It’s the question all entrepreneurs are asking themselves right now: Does my business have what it takes to succeed through a big downturn? Part of the answer lies in this quotation I heard recently: “When times are good, anyone can win. When times are tough, the smartest and most proactive win.” In other words, when the going gets tough, the tough get going. It’s a clichÃ©d maxim, but one I believe wholeheartedly: smart companies will use these times not only to take a closer look at their strategy, people and processes, but also to make the hard decisions that will make their companies stronger down the road. So I’ve been giving my own business some tough love.
In September, I reached out to all our franchise partners, scheduling calls with each of the more than 300 1-800-GOT-JUNK? operators who made themselves available to chat. With each call, I encountered the same, common message: it’s nasty out there. But my call with Alan Remer, who owns two of our franchises in Philadelphia and one in Orlando, stood out in my mind. He has certainly felt the shift in the economy. But, unlike the many franchise partners who told me they are “remaining optimistic,” Alan said he is using today’s economic challenges to make changes he should have made a year ago.
Alan’s introspection and honesty impressed me. “I’m glad the recession is here,” he said. “I almost didn’t think it was fair to call myself a businessman until now. I’ve learned so much in this tough economy. Before now, it was almost too easy. [The slowdown] has forced me to make tough decisions that have helped me become more profitable¦[such as] cleaning up my team, getting rid of excess infrastructure and focusing on opportunities for increased efficiencies.” While he has made some cuts to improve profitability, he has not reduced his marketing. He knows there’s still plenty of room to grow his top line while focusing on his bottom line. Alan also recognizes that the time to market more aggressively is when competitors are reducing their own marketing spend.
Our conversation made me reflect on my own situation. Over 80% of our revenue comes from the U.S., so when the Canadian dollar rose to US$1.10, we had to cut overhead — including 22 people. The moves were hard on the company and its culture, but I know from experience that waiting longer would have made the repercussions even worse. We had too many employees and a few performance issues that we simply hadn’t gotten around to addressing. Thankfully, the soaring loonie forced us to take action. Still, it’s better to be proactive than reactive. In our rush to get leaner, we probably made some avoidable mistakes. And making changes sooner would have protected more of our bottom line.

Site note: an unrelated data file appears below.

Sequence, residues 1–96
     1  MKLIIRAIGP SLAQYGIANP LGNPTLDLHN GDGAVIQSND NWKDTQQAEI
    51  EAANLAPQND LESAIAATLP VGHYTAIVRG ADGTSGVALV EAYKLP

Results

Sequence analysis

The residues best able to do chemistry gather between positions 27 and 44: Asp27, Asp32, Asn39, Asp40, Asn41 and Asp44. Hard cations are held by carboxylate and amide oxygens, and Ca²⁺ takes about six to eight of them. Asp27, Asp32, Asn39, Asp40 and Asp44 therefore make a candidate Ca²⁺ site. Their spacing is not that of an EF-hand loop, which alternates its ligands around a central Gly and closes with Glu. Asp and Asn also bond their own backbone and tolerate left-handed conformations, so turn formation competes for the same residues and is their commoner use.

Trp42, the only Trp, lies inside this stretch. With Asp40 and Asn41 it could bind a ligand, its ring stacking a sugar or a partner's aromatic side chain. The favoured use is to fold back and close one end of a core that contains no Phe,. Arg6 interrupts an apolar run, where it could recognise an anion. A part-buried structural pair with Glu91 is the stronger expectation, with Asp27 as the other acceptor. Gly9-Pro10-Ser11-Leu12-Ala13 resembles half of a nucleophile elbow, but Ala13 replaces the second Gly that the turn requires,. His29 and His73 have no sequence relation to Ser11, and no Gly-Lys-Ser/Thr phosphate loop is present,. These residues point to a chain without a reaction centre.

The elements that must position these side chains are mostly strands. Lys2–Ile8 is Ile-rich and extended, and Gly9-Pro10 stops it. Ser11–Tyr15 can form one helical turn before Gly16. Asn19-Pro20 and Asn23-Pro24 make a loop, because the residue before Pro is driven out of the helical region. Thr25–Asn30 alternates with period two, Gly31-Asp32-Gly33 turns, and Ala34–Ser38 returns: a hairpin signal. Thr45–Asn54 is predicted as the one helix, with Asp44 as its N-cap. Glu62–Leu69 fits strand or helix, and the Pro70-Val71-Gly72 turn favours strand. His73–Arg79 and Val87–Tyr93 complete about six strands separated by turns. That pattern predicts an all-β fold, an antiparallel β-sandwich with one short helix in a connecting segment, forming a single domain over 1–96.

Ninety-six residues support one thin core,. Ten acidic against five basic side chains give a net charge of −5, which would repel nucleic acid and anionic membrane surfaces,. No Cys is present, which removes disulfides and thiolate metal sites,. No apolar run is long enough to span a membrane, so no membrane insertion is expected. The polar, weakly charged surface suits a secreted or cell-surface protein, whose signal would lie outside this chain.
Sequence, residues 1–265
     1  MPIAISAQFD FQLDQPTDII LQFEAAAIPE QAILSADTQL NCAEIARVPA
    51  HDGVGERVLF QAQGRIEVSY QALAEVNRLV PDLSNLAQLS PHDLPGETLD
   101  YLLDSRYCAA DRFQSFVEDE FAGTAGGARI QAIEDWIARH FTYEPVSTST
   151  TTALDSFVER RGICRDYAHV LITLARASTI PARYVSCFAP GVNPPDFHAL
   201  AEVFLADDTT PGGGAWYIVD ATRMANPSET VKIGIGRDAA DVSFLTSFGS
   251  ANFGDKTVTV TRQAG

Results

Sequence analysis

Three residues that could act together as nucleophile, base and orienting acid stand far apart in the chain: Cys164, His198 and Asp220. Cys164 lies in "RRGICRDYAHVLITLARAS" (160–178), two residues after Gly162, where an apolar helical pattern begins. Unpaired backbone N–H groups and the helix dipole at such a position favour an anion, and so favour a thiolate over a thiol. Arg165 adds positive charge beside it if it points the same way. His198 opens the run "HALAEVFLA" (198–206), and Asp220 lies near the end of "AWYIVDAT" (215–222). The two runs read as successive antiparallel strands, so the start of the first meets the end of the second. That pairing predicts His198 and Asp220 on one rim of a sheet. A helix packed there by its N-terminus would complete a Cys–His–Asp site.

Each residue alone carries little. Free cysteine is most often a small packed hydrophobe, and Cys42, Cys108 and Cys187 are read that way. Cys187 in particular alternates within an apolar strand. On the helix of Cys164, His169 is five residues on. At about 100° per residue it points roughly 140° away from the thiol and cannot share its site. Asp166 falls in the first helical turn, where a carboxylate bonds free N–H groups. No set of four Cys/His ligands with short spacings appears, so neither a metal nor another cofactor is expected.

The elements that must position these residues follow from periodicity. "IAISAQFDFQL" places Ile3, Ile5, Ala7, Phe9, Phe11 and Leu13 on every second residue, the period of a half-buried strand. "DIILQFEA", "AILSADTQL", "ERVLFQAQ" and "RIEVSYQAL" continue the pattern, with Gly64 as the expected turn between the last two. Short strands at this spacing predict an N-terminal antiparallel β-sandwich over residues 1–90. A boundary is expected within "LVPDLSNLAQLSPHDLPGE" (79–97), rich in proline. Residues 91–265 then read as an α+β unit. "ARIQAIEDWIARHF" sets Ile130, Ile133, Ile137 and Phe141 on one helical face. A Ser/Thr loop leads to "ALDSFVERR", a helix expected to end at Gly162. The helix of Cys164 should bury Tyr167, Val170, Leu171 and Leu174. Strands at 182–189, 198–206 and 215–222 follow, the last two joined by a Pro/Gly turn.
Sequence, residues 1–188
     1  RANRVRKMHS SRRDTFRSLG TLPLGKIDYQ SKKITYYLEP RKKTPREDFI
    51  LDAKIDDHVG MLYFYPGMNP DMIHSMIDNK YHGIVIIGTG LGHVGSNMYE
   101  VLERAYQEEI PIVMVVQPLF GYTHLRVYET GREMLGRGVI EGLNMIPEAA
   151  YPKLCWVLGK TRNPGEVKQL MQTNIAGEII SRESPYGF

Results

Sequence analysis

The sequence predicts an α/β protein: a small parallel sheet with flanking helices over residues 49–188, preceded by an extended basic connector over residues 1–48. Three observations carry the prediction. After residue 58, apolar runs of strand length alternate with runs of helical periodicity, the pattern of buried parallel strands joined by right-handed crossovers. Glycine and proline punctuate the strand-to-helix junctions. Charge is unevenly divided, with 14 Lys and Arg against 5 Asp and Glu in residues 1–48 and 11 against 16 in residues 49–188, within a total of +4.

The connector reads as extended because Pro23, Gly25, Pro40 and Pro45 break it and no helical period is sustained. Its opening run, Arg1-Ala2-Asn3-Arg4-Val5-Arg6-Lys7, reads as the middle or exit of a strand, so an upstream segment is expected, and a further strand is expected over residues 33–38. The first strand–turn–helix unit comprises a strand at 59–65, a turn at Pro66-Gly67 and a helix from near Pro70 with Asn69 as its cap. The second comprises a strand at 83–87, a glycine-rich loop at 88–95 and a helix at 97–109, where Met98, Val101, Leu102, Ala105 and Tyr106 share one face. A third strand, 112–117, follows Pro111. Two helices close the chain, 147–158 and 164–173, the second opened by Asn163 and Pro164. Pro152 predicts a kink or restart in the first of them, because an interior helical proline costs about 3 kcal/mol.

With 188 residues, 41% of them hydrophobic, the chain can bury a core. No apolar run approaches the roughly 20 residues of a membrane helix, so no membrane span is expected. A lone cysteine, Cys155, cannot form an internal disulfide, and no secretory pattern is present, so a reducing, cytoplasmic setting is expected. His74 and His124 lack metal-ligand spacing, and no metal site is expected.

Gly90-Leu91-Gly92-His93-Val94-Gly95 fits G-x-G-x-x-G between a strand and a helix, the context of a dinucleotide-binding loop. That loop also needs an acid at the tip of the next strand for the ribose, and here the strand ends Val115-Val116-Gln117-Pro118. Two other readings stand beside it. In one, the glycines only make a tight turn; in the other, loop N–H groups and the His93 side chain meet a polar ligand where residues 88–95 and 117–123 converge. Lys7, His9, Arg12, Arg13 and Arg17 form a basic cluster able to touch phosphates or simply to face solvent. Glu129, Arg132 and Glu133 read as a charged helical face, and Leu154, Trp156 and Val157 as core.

But what tough love does my business still need? The current opportunity for 1-800-GOT-JUNK? is to get closer to our customers. That means developing a better understanding of our franchise partners’ individual goals and the obstacles they must overcome to reach those objectives. With the end consumer, it means knowing more about their junk-removal needs. Are there aspects of our existing service that we can improve? Are there additional services that we can provide to clients?
Being closer to the customer will allow us, over time, to improve both the profitability of our franchise partners and the service they deliver to their customers. But getting there requires a full restructuring of the support structure we took a decade to create. That includes replacing the people who lack the skills to support our franchise partners’ next level of growth and determining which employees should be physically relocated so that they can spend more time on our customers’ home turf. We took a big step like this recently, when our leadership team spent two weeks on a six-city tour, visiting almost half of our franchise partners. (Formerly, the operators would have visited us in Vancouver.) It cost us more money and more time out of the office, but it was a worthwhile investment in a more effective culture.
We’re also increasing our investment in sales and marketing by adding regional sales managers to help drive commercial business. That was a really tough decision, because it entails a significant outlay of additional cash when most companies are cutting back. All told, “getting closer to the customer” is a huge step in uncertain times. But it’s the right thing for the brand, and it will make us much stronger in the long run.
Tough decisions are never fun to make, but that’s where the learning and growth comes from. I believe growth and improvement are a direct result of making tough yet smart decisions. I’ve seen the people and leadership at 1-800-GOT-JUNK? grow more in these times of challenge than I ever have in years prior. The tough decisions will always be there — and, again, they’re always easier to make from a proactive position rather than a reactive one.
Which tough decisions do you need to make? I challenge you to make them sooner rather than later. Not just because this is the most challenging economic time of our lives, but because it’s the right thing for your business.